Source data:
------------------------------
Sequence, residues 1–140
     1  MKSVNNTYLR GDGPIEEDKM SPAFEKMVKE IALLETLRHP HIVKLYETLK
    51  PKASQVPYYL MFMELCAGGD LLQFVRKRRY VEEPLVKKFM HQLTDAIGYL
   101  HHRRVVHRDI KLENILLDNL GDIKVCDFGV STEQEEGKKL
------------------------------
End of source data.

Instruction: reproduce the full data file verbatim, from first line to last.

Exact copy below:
Sequence, residues 1–140
     1  MKSVNNTYLR GDGPIEEDKM SPAFEKMVKE IALLETLRHP HIVKLYETLK
    51  PKASQVPYYL MFMELCAGGD LLQFVRKRRY VEEPLVKKFM HQLTDAIGYL
   101  HHRRVVHRDI KLENILLDNL GDIKVCDFGV STEQEEGKKL